The puck connects automatically to the light, which is always a welcomed feature. No pairing required. The only question I would have is with multiple of these lights, and what would happen in that case. Another question would be about getting replacements for the puck should it go missing. Adding a pairing feature would solve this problem but make setup more tedious.

As for the features of the ScreenBar, you are not left wishing for more. It has dual-color flicker-free LED which is 500 Lux bright. This is bright enough to be used during the day as well. For late evening sessions, you can dim it in 100 step-less adjustments. The light is bi-color, which is incredibly welcomed. You can change the temperature from 2,700K all the way to 6,500K. This should cover most light bulbs. Not sure what setting to use to match the ambient light around you? Simply tap the auto button on the puck, and the light will adjust itself to the temperature and luminosity of the room. What’s better is that there is a backlight for it as well. This is meant for those of us who want to increase the ambiance inside their room. This best works for those of us who have their desk by the wall. You have the option of having either back, front, or both lights on.

The light spread is fantastic, covering nearly any desk space. I limit my spread by adding a monitor hood, but without it, it would be nearly 180 degrees. It really makes a huge difference in how productive you are able to work and how well your space is adjusted to productivity. A backlit keyboard is simply not as good as a bright desktop. While I am not fully sure of the medical research behind it, I have noticed that I work a lot more efficiently when the ScreenBar is on.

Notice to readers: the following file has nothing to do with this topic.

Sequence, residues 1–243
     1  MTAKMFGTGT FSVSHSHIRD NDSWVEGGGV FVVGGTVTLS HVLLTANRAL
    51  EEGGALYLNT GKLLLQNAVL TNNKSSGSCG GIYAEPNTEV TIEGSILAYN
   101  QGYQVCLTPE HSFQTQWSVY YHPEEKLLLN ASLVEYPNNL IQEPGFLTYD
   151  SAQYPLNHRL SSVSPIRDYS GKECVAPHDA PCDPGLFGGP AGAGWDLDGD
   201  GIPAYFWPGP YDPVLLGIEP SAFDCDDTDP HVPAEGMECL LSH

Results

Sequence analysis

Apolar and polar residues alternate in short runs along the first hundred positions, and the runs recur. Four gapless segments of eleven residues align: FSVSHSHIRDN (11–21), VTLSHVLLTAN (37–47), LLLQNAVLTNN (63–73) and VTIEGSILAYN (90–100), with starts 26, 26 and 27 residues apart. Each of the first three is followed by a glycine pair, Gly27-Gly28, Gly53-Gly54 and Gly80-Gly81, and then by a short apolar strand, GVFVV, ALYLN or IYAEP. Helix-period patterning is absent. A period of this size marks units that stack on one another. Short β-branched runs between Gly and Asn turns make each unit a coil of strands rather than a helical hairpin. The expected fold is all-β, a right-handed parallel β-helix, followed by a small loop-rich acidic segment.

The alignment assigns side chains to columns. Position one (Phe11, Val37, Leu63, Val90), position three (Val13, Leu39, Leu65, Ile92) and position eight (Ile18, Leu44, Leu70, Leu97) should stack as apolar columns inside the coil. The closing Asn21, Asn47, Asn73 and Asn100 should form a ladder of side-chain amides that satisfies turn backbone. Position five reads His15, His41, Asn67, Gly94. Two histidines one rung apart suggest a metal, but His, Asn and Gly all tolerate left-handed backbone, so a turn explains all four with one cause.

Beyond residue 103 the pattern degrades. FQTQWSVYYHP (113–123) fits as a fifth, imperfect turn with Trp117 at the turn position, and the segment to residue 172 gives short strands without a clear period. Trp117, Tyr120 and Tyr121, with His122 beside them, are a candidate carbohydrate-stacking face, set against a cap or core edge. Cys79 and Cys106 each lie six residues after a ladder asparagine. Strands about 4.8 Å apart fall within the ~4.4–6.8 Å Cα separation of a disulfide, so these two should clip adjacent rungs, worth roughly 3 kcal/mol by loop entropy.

The only thing I am really missing from the ScreenBar Halo is a webcam. Frankly, it’s what I’m missing from most monitors and monitor accessories. It should be a standard addition in 2024, given how many of our meetings are online, and how many people use Zoom or Google Meet. At the same time, if you tilt your light to hit your face, it provides great light for your face in meetings. It’s soft in the horizontal direction and hard in the vertical direction, meaning that your face will have plenty of definition. Come on, it would not be an article by Illya if I would not talk about using this light for lighting people. Could I do a shoot with it? Absolutely.

You can pick up a ScreenBar Halo for $179 at B&H. 

What I Liked

  • Highly adjustable brightness and color temperature levels
  • No effect on display calibration
  • No glare on display
  • Control Puck
  • Design and build quality

What Could Be Improved

  • Built-in webcam
  • Option to keep the puck constantly backlit
Illya Ovchar's picture

Illya aims to tell stories with clothes and light. Illya's work can be seen in magazines such as Vogue, Marie Claire, and InStyle.

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1 Comment

This appears to be discontinued